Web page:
Howdy, Stranger!

It looks like you're new here. If you want to get involved, click one of these buttons!


If you can read this message, please contact us immediately at the following email address:

We'd like to communicate.


The Antibiotic-Resistant Bacteria are More Resistant Than We Previously Thought

A dangerous type of superbug has more tricks up its sleeves than we may be giving it credit for, a new study suggests.

The researchers found that this class of bacteria, CREs — that’s short for carbapenem-resistant Enterobacteriaceae — has more ways to evade antibiotics than have been currently identified, and that these bugs share their tricks readily across the families of bacteria that make up this grouping.

Further, the authors suggest these bacteria may be spreading more stealthily than existing surveillance can detect.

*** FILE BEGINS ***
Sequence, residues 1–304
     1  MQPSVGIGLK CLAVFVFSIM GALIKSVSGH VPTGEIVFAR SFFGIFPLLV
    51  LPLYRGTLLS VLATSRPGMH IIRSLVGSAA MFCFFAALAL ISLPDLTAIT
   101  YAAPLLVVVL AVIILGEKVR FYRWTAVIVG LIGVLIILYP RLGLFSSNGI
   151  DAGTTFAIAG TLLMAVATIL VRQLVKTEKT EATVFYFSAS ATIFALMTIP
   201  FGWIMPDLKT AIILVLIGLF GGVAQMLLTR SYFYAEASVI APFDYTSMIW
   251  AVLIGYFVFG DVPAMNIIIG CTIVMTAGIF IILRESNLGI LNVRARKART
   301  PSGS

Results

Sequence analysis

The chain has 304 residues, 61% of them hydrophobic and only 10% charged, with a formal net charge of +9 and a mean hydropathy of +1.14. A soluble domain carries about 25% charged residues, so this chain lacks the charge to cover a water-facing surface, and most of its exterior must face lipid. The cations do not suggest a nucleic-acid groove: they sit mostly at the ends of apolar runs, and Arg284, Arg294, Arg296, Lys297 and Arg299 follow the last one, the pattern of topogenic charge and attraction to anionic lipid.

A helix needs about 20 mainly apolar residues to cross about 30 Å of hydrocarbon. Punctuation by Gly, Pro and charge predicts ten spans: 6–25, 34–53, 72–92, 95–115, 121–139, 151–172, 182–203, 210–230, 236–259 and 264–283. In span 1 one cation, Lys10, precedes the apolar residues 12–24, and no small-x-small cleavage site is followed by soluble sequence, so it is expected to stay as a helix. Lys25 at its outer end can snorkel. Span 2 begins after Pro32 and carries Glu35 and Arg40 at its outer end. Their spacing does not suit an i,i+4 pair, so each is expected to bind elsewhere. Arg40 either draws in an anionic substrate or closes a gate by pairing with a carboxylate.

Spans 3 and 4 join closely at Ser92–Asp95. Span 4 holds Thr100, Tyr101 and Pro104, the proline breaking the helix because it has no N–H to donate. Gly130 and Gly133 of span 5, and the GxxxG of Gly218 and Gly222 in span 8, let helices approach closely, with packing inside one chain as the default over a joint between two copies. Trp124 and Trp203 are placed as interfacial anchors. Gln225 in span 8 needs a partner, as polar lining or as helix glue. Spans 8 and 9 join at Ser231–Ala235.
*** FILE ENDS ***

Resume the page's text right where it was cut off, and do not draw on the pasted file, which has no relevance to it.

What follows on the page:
“You know the phrase ‘Shutting the stable door after the horse has bolted?’ The horse has not only bolted, the horse has had a lot of ponies, and they’re eating all our carrots,” said Bill Hanage, an infectious diseases epidemiologist at the Harvard T.H. Chan School of Public Health and senior author of the study.


  • GrumpyGuyGrumpyGuy Member
    edited January 2017
    Many researchers seem to be cautioning that these resistant bacteria are the biggest threat currently facing humanity.  Absolute crisis-level and far bigger than any threats related to politics or the economy.  In spite of that, I don't really get the impression that humanity has caught on to the threat.  News articles pop up from time to time, and people tsk appropriately, then go back to reading about Donald Trump, Syria and the economy.